This isn’t posted by Rev. Steve Montgomery, a regular contributor, but by someone moved by his sermon two weeks ago about social justice.  If you have read us much, you know that we draw on faith to explain our concerns about cities and urban issues and to demonstrate that religion does not have to be a club that we use to beat our enemies.  Lately, there has been the suggestion by a Fox News commentator (who else?) that social justice is a bad word.  We can’t respond any better than Rev. Montgomery’s words which we post here:

Thursday a week ago, there was a fascinating one-hour show on WKNO on the Boss Crump machine that dominated Memphis and Tennessee from the 1920s through the 1950s. I’m sure it will come on again and I recommend it. It helped me to understand why Memphis is so “Memphis.”

I am no stranger to political machines. I grew up in Virginia, which at the time was ruled by the Byrd machine. Senator Harry Byrd Sr. had his way in almost any political matters, and then he bequeathed his seat to his son, Harry Jr. It was said that Virginia had a government “of the Byrds, by the Byrds, and for the Byrds.”

One of the memories etched in my mind was of the elder Senator Byrd arguing against civil rights legislation. He was an avid segregationist and supported what was called “massive resistance” when the Supreme Court struck down “separate but equal” schools, and he urged parents to take their children out of schools that integrated. On this one particular occasion that I remember, he looked into the crowd and loudly intoned a sentiment share by many in that era: “You can’t go against the Bible!”

Ah, but we did, didn’t we? The Bible didn’t change. It was the same yesterday, the same today, and will be the same tomorrow. But the Holy Spirit of God led us to go against the Bible, or at least against that reading of the Bible which would claim that God’s Word upholds slavery or racism. The Spirit is like that. The Spirit leads into new and sometimes surprising understandings.  We know now that while a passage or two in the Bible may indeed seem to endorse slavery, when it comes taken as a whole, we see that the scriptures proclaim a God whose love knows no color boundaries and whose justice tolerates no racial oppression.

Just a few months ago I was talking with a pastor from another denomination. I generally try to avoid controversial subjects with my “brethren” from other denominations (and they always are “brethren” in this particular denomination), but he started quizzing me on why the Presbyterian Church (USA) church ordains women. I started talking about the fact that the first evangelist in the Gospels was a woman (the woman at the well who ran to tell others about Jesus), and the first one to proclaim the good news of the resurrection was a woman (God entrusted Mary Magdalene with that earthshattering news). I told him about the leadership in the early church that women provided. We find that in Paul’s epistles and in the Book of Acts. I quoted scripture for this bible-believing soul: “In Christ there is neither Jew nor Greek, slave nor free, male nor female.”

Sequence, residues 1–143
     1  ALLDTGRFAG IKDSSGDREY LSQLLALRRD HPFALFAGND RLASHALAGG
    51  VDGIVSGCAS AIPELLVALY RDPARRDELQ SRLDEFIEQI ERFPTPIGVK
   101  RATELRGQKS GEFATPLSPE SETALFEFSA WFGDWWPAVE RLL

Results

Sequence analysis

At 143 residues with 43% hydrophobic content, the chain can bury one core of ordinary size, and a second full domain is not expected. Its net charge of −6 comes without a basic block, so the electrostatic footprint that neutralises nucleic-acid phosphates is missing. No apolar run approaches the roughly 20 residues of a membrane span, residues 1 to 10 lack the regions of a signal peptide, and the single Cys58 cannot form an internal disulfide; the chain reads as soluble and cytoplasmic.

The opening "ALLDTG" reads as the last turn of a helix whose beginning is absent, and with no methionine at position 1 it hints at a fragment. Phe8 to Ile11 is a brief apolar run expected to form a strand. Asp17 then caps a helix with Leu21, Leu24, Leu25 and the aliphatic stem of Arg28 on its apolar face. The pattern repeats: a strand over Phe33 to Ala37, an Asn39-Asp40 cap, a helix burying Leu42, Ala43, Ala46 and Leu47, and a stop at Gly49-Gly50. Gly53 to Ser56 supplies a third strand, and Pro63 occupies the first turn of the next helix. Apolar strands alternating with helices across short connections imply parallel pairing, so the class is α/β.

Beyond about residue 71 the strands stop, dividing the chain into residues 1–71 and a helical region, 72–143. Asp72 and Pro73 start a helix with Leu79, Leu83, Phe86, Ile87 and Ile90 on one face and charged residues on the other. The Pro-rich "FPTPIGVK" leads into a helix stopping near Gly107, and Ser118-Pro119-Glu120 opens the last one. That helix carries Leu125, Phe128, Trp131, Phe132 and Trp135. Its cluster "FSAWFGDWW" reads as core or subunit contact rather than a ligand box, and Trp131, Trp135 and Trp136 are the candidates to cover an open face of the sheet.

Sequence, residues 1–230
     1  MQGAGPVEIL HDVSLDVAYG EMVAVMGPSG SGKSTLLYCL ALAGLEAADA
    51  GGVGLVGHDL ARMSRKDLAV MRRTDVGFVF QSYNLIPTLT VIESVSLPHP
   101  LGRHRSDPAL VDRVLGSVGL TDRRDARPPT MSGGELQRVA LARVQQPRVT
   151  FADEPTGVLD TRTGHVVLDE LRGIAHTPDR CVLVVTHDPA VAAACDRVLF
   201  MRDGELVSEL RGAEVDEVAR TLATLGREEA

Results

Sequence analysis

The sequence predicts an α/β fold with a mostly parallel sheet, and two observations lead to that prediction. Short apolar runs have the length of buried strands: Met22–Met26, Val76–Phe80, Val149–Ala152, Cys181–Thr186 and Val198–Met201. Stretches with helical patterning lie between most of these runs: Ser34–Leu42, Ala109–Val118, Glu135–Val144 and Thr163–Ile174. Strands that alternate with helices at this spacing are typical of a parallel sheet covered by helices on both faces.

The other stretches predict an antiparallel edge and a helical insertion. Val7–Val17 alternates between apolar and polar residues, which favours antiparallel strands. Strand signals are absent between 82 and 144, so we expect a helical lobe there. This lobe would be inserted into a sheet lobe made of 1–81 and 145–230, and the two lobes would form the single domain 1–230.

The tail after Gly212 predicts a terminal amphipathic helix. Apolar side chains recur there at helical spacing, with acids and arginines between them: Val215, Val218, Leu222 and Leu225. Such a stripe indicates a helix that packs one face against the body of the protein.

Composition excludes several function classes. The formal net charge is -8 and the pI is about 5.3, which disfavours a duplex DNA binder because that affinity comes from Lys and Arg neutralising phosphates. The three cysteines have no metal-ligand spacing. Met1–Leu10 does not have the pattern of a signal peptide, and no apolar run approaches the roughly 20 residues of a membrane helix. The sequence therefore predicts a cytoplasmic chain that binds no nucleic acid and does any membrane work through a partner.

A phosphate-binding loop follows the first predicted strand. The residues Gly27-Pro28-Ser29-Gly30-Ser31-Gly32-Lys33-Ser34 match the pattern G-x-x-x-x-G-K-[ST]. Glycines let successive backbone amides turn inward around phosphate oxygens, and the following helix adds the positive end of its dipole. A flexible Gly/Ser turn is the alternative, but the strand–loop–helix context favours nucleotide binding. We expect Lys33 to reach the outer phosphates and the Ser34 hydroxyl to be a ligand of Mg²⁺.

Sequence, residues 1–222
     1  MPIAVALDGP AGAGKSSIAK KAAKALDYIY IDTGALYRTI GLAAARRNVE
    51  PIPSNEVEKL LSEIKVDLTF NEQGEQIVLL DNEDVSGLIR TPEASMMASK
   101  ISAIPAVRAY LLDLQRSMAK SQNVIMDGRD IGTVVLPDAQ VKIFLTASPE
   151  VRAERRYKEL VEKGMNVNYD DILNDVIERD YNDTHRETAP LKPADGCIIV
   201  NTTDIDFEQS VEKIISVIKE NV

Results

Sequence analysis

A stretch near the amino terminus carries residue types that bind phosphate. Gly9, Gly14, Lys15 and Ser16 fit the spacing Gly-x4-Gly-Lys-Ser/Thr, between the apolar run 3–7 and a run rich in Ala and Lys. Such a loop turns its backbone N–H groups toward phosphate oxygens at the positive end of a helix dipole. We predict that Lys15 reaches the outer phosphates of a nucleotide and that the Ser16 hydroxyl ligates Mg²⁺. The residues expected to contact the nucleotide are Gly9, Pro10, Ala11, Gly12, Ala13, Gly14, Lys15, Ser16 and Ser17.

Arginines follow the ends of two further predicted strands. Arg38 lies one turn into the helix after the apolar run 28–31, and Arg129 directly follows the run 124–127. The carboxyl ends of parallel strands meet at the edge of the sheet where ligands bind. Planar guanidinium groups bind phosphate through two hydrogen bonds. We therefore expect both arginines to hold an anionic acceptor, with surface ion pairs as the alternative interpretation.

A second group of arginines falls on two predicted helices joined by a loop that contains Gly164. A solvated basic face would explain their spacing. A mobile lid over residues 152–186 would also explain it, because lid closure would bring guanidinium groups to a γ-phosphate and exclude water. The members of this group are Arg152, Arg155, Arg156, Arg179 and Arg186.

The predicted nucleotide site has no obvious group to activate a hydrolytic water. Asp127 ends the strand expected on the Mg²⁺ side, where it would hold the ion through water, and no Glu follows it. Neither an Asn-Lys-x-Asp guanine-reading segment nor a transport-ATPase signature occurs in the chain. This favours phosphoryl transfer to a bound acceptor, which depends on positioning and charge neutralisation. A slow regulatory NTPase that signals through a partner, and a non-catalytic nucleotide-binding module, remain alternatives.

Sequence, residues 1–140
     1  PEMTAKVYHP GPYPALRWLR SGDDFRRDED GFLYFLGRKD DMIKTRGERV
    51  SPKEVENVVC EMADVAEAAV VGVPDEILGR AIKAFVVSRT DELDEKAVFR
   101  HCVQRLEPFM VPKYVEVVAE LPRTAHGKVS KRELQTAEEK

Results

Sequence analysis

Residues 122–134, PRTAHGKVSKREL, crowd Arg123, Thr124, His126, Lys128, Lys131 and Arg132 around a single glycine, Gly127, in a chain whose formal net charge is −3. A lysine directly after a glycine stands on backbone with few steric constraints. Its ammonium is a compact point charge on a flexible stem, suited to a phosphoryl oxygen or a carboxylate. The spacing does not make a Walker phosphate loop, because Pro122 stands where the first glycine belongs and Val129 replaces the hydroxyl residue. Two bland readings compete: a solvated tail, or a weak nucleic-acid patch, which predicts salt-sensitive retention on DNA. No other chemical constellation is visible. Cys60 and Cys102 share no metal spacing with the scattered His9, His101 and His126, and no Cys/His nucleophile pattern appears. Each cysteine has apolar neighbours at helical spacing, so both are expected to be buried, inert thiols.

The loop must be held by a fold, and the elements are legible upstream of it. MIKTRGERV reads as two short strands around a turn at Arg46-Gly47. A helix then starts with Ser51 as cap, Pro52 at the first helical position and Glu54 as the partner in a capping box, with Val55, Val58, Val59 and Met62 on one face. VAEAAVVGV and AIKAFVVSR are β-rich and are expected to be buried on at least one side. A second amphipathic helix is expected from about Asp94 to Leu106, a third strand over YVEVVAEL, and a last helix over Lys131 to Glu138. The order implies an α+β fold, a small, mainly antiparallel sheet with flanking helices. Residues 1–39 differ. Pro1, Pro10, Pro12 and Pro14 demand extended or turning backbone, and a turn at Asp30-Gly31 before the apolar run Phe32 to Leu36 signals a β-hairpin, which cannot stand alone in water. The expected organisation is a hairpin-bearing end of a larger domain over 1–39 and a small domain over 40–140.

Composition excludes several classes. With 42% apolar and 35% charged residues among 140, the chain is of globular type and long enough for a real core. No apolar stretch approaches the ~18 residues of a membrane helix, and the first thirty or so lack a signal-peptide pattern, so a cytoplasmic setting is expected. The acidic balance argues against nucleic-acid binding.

I even shared with him the fact that the earliest depictions of the Lord’s Supper that have ever been found, pictures found on the walls in the catacombs, depict women sitting at the table with our Lord.  (That pre-dates Leonardo da Vinci’s painted by centuries!)  He finally interrupted me and said “Well, the Bible says very clearly what the role of women should be: silent in church—and we don’t depart from scripture!”

Ah, but we did, didn’t we? We made the same arguments. Same Bible, same words, but we believe that the Holy Spirit led us to go against an understanding of scripture that had prevailed for over 1900 years, and to allow women to take their rightful and God ordained place in the leadership of the church. Yes, there are those who could point to a few isolated texts here and there that seem to exclude women and assign them to a lower echelon of moral and spiritual authority than men. But the Spirit of God was blowing across our denomination, and we saw that the Gospel, as a whole, which Jesus lived and proclaimed is one which excludes no one from full participation in the church on the basis of gender.

Peter knew his Bible. He would quote it on occasion and interpret it as he did on Pentecost. He knew that his people understood themselves to be a holy people of God. “Holy” not in the sense of being morally better than anyone else, but in the sense of being set apart, distinctive. Their laws, which seem strange to us today, were the only things that prevented God’s people from being assimilated. A little bite of pork, a little pinch of incense for Caesar, a little intermarriage with the Romans, and before you know it God’s distinctive people melt into the woodwork, lose their identity, disappear into the fabric of the dominant culture.  He knew his Bible. He knew his tradition.